At this time, genome polarisation uses variant markers where alleles differ in nucleotide substitutions. Insertions or deletions (indels) are not allowed to be classified among the most frequent alleles in the vcf2diem function.

Sites not informative for genome polarisation

Along side invariant sites, some variant sites are also uninformative for genome polarisation. Sites that include only missing data and heterozygous genotypes are unpolarisable. In general applications, one might wish to exclude sites that are only included in a vcf due to the presence of a single heterozygous individual.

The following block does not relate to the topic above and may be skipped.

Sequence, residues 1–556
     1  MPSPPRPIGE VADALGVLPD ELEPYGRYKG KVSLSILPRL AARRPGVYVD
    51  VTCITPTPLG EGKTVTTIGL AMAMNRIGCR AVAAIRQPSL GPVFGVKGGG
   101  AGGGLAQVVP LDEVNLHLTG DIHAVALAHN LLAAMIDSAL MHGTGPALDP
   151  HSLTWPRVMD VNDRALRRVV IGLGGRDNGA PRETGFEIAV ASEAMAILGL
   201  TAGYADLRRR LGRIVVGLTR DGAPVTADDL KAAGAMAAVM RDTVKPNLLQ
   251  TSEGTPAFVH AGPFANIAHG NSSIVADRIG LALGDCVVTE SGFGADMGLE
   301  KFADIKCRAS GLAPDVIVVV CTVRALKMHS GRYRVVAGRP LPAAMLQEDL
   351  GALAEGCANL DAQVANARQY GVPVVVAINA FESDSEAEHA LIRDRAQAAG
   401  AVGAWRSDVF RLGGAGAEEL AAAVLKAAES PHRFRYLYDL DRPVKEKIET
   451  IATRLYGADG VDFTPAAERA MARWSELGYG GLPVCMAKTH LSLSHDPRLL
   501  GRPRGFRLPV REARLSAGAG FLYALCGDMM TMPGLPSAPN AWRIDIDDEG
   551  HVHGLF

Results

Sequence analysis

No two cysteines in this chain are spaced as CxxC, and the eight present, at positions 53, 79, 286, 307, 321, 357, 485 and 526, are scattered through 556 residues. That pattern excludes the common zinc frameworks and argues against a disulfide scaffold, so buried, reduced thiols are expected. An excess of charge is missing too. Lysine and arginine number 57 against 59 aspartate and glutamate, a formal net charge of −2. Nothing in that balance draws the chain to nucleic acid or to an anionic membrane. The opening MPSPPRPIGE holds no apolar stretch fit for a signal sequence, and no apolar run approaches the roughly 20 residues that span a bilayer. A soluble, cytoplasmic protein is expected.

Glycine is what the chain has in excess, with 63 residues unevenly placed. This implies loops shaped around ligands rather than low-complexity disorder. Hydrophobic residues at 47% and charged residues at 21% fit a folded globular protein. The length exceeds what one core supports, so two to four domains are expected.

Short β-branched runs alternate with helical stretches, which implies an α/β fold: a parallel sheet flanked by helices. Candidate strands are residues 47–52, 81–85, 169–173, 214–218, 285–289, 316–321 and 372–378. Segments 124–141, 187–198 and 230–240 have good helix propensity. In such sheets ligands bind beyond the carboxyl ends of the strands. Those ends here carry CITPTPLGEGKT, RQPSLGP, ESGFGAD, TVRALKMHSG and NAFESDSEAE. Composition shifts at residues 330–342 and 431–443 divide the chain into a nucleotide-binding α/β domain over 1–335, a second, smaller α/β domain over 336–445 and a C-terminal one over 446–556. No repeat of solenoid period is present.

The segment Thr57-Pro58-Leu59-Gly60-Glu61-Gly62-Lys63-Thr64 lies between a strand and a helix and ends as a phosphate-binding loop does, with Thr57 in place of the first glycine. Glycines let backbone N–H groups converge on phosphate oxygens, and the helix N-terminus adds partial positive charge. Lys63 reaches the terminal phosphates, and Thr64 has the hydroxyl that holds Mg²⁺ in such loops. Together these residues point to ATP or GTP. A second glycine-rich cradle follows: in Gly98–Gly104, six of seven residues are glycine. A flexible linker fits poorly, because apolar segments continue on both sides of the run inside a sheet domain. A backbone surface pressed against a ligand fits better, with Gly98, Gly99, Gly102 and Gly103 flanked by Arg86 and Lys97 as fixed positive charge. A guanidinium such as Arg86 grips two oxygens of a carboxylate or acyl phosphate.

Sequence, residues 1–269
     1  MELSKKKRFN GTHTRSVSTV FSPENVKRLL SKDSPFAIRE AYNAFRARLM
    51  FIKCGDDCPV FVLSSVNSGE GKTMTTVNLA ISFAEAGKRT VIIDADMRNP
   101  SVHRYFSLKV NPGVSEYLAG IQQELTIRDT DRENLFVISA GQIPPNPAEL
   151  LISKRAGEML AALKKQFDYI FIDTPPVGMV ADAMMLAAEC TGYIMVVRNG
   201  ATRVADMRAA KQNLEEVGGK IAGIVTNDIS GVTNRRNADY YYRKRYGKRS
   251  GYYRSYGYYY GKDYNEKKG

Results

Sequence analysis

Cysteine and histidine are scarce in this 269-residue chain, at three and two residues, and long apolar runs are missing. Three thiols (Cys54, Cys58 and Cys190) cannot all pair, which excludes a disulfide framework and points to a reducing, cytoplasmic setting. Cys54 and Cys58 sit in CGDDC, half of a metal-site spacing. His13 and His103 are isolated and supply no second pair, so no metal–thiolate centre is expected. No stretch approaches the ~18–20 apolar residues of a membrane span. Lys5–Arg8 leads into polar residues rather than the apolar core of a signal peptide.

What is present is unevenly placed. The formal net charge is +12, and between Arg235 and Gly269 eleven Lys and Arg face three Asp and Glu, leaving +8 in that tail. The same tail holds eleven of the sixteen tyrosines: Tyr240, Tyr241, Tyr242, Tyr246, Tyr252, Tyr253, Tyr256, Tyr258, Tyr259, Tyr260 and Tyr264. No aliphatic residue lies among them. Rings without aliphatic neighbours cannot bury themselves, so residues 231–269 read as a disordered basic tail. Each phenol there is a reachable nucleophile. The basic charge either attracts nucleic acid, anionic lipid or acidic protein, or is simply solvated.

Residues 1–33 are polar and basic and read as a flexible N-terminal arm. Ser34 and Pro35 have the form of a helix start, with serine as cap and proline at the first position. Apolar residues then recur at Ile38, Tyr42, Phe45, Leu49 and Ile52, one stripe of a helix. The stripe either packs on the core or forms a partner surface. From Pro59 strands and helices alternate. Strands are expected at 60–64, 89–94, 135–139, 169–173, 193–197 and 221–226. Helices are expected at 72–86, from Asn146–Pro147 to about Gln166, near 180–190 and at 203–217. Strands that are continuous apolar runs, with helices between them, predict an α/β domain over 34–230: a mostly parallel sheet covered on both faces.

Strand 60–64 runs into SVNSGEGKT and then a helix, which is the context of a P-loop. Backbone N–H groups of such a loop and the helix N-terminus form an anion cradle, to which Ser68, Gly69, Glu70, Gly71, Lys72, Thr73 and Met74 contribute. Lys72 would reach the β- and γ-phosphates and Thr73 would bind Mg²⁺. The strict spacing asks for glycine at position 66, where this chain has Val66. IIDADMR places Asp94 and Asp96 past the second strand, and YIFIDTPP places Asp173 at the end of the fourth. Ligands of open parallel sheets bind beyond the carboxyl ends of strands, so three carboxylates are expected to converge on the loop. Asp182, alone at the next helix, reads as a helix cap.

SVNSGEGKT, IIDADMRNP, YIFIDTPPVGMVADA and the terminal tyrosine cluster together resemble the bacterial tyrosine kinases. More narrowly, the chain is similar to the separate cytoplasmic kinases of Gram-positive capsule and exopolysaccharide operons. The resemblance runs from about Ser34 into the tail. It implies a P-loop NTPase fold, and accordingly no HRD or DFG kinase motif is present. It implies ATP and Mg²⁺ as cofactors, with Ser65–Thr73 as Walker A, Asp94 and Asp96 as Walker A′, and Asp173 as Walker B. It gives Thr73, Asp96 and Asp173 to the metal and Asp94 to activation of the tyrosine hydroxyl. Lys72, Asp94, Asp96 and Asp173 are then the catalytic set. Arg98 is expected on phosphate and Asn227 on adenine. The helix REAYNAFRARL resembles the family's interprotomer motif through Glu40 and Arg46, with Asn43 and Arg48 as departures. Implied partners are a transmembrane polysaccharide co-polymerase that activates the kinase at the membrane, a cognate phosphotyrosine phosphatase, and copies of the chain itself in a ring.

Uninformative sites will have support equal to 0, and their polarity will thus be equal to the null polarity. Including uninformative sites has similar consequences to including invariant sites. When a user wishes to retain such sites, we advice to then filter polarised markers with high support (or simply high diagnostic index, which is strongly correlated with support) for subsequent analyses and interpretation.

Haploid data

Haploid data, including markers on sex chromosomes of the heterogametic sex, are usually shown as sequence alignments. To illustrate the principle of genome representation used in diem, let’s have an 8bp-long alignment with five individuals.

5 8
ind3   TACC-TGT